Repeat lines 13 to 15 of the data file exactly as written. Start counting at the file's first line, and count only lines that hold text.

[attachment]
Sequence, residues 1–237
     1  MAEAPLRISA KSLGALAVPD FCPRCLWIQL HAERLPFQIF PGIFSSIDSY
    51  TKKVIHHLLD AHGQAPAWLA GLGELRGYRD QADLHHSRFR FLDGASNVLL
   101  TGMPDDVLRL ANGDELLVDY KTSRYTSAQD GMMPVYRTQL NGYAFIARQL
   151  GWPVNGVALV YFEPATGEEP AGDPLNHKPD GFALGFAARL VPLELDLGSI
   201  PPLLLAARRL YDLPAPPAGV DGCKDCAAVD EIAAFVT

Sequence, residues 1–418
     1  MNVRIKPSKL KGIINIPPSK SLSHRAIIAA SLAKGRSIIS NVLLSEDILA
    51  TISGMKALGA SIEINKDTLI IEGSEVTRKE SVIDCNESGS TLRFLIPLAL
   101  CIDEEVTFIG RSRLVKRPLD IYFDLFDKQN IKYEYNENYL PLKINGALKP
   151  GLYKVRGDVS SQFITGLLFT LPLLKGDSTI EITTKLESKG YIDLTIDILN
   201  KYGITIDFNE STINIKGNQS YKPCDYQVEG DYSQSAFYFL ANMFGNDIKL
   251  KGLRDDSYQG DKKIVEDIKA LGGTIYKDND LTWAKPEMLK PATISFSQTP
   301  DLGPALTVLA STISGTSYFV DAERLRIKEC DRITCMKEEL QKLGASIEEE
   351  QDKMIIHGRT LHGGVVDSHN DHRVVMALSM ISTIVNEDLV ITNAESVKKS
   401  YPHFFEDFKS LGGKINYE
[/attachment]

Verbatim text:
   251  KGLRDDSYQG DKKIVEDIKA LGGTIYKDND LTWAKPEMLK PATISFSQTP
   301  DLGPALTVLA STISGTSYFV DAERLRIKEC DRITCMKEEL QKLGASIEEE
   351  QDKMIIHGRT LHGGVVDSHN DHRVVMALSM ISTIVNEDLV ITNAESVKKS